As TV viewers, we’re accustomed to advertisers telling us what to do. From Mickey Mouse to the Marlboro Man, stars of marketing campaigns have influenced what we eat, how we dress, where we get new tires, and which batteries we think will keep going and going and going. Rarely, however, do corporate logos offer broader “messages,” like, how to be better people.
Enter the Geico cavemen. They bring a message of love and tolerance. And now they bring it to us in a half-hour sitcom. The commercial that sowed the seeds for ABC’s comedy featured modern-day cavemen offended by the Geico slogan: “So easy, a caveman could do it.” They bucked every caveman convention: they held jobs in the entertainment industry, dined on gourmet foods, and played tennis. They weren’t just knuckle-dragging stereotypes, they had feelings.
Bill English, Nick Kroll, Sam Huntington, Kaitlin Doubleday, Stephanie Lemelin, Julie White
Regular airtime: Tuesdays, 8pm ET
US: 2 Oct 2007
The series expands the joke from 30-second spots to 30 minutes each week. ABC’s website calls cavemen one of the world’s “oldest minorities,” and says the show’s protagonists “have to overcome prejudice from most of the Homo sapien world and the misconceptions that modern society has of its earliest ancestors.” In effect, ABC is using the concept of a caveman as a stand-in for all minorities in America—without, you know, actually critiquing current race or class relations or detailing the struggles of any specific group, since that might offend someone.
In fact, Cavemen goes out of its way not to say anything about race or class. The premiere episode was mainly about caveman Joel (Bill English) and his decision to date a Homo sapien (a “sape”), considered traitorous by his roommate Nick (Nick Kroll). Though Joel danced around the subject—“This is 2007 and I can date whoever I want,” he declared—he never uttered the word “miscegenation” or talked about the ugly history of anti-miscegenation laws in this country.
Joel’s decision was not shocking because he challenged some kind of social taboo, but because there was hardly any cross-race interaction during the episode. Instead, it was about three cavemen who live together, eat together, play squash together, go shopping together. It’s a wonder they date anyone at all. The few Homo sapiens they did talk to were white and upper-middle-class: Joel’s girlfriend Kate (Kaitlin Doubleday) is white, his landlord is white, his protégé at work is white (and funny, too, a refreshing oasis of humor provided by Nick Swardson). When Kate met friends for dinner at the end of the episode, only a blond woman had a speaking part. An Asian friend giggled at her joke, and an African American friend barely made it into frame. For a show that’s supposedly about the plight of minorities in America, Cavemen showed a shocking lack of diversity. It’s basically Friends with more body hair.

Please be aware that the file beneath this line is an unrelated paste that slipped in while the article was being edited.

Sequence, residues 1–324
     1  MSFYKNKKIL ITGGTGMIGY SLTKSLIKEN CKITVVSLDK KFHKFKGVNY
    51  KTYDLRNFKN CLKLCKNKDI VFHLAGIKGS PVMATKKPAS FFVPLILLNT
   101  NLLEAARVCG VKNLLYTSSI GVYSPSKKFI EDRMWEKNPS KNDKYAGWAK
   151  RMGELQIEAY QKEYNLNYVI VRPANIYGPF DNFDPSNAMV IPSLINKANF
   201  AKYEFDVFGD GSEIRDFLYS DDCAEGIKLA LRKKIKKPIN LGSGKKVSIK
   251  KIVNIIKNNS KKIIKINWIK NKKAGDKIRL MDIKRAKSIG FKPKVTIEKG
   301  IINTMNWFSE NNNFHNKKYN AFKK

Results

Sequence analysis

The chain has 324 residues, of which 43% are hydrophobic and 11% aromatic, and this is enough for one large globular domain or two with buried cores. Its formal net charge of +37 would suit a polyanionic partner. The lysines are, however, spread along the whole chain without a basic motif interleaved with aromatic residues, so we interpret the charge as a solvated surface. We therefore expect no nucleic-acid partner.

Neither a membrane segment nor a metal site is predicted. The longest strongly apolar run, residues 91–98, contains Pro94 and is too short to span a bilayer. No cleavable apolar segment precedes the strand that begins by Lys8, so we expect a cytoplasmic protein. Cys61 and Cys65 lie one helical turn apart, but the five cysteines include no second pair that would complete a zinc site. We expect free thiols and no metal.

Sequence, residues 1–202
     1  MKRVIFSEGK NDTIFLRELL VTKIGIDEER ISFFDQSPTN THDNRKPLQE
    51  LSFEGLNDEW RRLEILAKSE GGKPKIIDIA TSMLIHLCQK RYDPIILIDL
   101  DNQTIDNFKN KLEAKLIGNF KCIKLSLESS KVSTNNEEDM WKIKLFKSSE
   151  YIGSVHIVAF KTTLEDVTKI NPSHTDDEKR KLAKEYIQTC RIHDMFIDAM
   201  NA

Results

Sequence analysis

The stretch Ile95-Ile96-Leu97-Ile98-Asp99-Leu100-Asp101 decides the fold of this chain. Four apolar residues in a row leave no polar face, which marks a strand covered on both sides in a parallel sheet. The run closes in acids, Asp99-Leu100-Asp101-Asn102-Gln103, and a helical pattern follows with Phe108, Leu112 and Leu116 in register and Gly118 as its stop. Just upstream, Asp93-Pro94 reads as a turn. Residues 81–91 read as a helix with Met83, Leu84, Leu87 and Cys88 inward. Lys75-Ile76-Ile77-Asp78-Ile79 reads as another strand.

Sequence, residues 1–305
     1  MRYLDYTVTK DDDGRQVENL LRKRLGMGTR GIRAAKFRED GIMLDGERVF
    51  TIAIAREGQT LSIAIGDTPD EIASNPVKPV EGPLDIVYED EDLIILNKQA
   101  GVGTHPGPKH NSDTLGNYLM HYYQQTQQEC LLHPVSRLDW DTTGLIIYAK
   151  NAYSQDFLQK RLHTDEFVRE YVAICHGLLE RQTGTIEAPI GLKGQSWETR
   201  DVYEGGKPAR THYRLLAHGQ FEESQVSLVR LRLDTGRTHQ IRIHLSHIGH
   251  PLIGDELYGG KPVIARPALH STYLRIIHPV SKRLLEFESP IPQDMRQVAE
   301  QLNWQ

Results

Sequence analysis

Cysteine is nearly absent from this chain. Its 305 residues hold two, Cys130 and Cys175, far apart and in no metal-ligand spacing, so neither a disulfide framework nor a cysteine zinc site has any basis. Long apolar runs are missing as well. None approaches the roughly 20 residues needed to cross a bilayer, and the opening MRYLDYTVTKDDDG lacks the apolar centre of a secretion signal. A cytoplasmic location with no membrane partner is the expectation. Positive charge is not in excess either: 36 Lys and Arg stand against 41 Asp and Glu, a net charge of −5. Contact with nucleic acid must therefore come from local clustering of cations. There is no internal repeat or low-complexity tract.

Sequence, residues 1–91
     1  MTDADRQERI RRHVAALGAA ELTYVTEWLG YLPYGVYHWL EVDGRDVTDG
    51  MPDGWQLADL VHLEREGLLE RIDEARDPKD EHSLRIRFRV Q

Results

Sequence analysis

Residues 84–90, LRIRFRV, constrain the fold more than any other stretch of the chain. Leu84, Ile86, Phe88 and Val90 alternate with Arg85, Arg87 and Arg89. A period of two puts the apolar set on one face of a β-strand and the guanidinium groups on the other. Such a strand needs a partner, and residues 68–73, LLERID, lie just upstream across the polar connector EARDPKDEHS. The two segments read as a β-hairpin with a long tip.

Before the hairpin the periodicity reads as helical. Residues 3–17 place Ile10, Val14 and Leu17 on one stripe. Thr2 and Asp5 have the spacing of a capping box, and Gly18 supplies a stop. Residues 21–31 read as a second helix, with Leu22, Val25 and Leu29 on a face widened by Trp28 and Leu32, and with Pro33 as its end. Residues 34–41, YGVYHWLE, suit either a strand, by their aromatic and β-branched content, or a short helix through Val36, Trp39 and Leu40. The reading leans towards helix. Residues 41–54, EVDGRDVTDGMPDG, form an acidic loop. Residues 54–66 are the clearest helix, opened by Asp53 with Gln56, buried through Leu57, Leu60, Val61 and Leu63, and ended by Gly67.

With such narrow horizons, it’s no wonder that the cavemen are the ones who wind up looking small-minded. Nick seems to be the only character upset with Joel’s decision to date a Homo sapien. “Stick to your kind,” he observed to Joel’s brother Andy (Sam Huntington). “Crave the cave.” Still, when Andy and Nick generalized that all cavemen women are ugly, the point seemed to be that non-cavemen won’t be able to love cavemen until they learn to love themselves. You know, like other minorities.
Only Kroll managed to wring any comedy out of this ham-handed premise. It takes skill to affect a deadpan through tons of heinous caveman makeup and not come up with a flat performance, and he came across as a pre-historic Barney from How I Met Your Mother, with a healthy dose of cynicism. Still, the most effective laugh to be found during last night’s premiere half hour was in a Snickers commercial featuring an overzealous Viking. Maybe he’ll get his own sitcom.
// Channel Surfing
"In its shift to the different psychosphere of California, the show’s second season perpetuated Latino stereotypes instead of giving us a deeper and truer examination of the Golden StateREAD the article